A drought-like situation is taking a toll on agriculture in northern Bangladesh, delaying rice planting and destroying crops such as jute and vegetables.

A severe scarcity of rain coupled with high temperatures and prolonged heatwaves left water bodies almost dry and crop fields cracked, leading to the situation.

The situation is not common, particularly during the monsoon, from June to September, when 80 per cent of the country’s annual rains occur.

‘We are waiting for the rain to process our crop,’ said Babor Ali, a farmer from the Belpukur area under Puthia upazila in Rajshahi, who cut his jute stalks about a week ago but could not find a place to rot them for fibre extraction.

After harvesting and tie-up, jute stalks are submerged in flowing water for around 20 days for decomposition to extract the fibre.

In Rajshahi, jute stalks were drying in fields while the cultivation of aman rice, the country’s second-largest staple crop, was affected due to water scarcity.

According to the Bangladesh Meteorological Department, Rajshahi recorded 61 per cent less rain than usual in the 30 days of July, when 366 millimetres of rain were expected.

Farmers are already late in planting aman and forced to use underground water through diesel-run pumps, suffering a spike in their expenditures.

They fear they will lose yield this year.

According to the Department of Agricultural Extension, jute has been cultivated this year on 76,885 hectares of land in Rajshahi, Natore, Chapainawabganj, and Naogaon districts.

Farmers in Bagmara upazila of Rajshahi made temporary water bodies using irrigation water through shallow machines for processing raw jute.

Farmers fear jute fibre quality will fall.

Monirul Islam, a farmer in the Bagmara municipality area, who cultivated jute on his two bigha of land, said that a large portion of the crop dried up in the fields due to heatwaves and drought.

‘We are trying to save what is still left to be saved by making artificial water bodies, which costs a lot of money,’ he said.

Monirul said that despite the drought-like situation affecting jute fibre production, the price remained lower than the previous year.

‘It will be disastrous for us if the price does not go up as production will not be as high as previous years but the labour cost has increased,’ he added.

Low rainfall is also affecting aman cultivation in Rajshahi, as farmers delayed planting aman, which is planted after jute is harvested.

Farmers said that they rely on rainwater to produce aman, which they normally transplant between July 1 and July 30.

Julfiquer Ali, a farmer of Dampura village under Niamatpur upazila in Naogaon, said that he had prepared his seedbed to transplant aman on 10 bighas of land within July.

The seedlings have grown fully, but the land cannot be prepared in time for transplanting them in this drought-like environment, he said.

After waiting for rain, the farmer finally transplanted the seedlings onto five bighas of land with irrigated water, increasing his production cost.

Another farmer, Ashraful Islam, of Togorail village under Rosulpur union in the upazila, said that there had been no rain in the area since July 15.

He said that he had to depend on water pumps to prepare the land for transplanting aman seedlings, which cost him an additional Tk 1,000 per bigha.

Billal Hossain, a farmer of Biroil village under Sherpur upazila in Bogura, said that his expenses would go up by Tk 2,000 per bigha for operating the diesel pump as he had to irrigate the paddy fields twice a week to keep the transplanted seedlings alive.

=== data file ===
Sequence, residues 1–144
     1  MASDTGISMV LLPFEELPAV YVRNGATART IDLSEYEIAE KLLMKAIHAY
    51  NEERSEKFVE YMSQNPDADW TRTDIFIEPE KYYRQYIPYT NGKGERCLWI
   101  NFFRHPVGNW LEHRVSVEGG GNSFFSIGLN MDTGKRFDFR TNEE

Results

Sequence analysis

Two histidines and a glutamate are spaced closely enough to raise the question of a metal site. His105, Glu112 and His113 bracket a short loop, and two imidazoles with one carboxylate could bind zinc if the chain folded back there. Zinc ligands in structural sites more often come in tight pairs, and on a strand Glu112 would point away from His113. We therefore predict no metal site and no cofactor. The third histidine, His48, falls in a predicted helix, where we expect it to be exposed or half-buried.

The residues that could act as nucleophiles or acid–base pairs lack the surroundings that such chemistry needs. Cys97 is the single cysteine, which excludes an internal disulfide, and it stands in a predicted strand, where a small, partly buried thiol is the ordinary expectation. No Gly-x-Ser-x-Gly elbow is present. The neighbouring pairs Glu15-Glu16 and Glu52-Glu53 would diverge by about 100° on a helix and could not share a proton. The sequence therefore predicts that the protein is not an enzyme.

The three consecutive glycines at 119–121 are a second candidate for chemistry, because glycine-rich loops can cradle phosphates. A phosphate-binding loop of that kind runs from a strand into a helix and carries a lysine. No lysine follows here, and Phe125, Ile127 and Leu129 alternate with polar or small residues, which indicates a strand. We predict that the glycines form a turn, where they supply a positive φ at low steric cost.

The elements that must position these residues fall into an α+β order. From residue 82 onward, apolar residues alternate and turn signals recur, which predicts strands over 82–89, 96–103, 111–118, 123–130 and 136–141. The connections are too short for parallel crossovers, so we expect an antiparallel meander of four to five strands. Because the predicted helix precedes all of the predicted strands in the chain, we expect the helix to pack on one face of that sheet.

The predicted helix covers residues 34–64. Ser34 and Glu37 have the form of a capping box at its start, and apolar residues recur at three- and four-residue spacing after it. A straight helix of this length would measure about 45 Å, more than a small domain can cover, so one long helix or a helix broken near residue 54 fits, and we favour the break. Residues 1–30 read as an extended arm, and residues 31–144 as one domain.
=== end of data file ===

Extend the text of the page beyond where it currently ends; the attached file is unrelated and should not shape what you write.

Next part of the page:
Frequent load-shedding affecting irrigation also hampers aman cultivation as farmers in the region use groundwater for cultivation.

Until Sunday, aman seedlings had been transplanted on about 39.5 per cent of the land, against the government’s target of 4,05,009 hectares in the region, according to the Rajshahi divisional office of the Department of Agricultural Extension.

Md Israil, a Barind Multipurpose Development Authority deep tube-well operator at Dampura village under Niamatpur upazila in Naogaon, said that it used to cost a farmer Tk 150–200 to irrigate one bigha of land earlier.

‘But, due to frequent load-shedding, irrigation costs have doubled,’ he added.

Md Shamsul Wadud, additional director at the Rajshahi divisional DAE office, however, told New Age that there was still time for planting aman as farmers could transplant rice through August.

In Kushtia, farmers were afraid that they would suffer huge losses this year because of the drought-like situation, leaving their canals and ponds dry.

In the district, jute stalks were seen lying on the ground and drying. Some of these crops were harvested two weeks ago.

According to the Department of Agricultural Extension in Kushtia, jute was cultivated on 41,700 acres this year.

Jute grower Rabiul Islam of Bhadalia village under Sadar upazila said that usually, they cut jute earlier to save them from flooding.

‘But the situation is completely different this season,’ he said.

Kushtia agriculture extension officer Hayath Mahmud said that they trained and advised farmers to rot jute using the ribbon method.

In the method, ribbons are stripped mechanically from jute plant stems, coiled, and allowed to rot under water.

Rangpur received the lowest amount of rainfall in 30 years.

Aman cultivation reached only 26 per cent of the target, while 63 per cent of jute growers could not grow their crop due to lack of rain.

Atiq Rahman, executive director of the Bangladesh Centre for Advanced Studies, a non-government organisation involved in climate research, said that vast swathes of land in India, Myanmar, and Bangladesh, where the monsoon brings heavy rain, are now dry and hot because of scarce rain.

‘This is an extreme event linked to climate change,’ he said.

 ‘Farmers are going crazy, and a food crisis may be imminent, he said.



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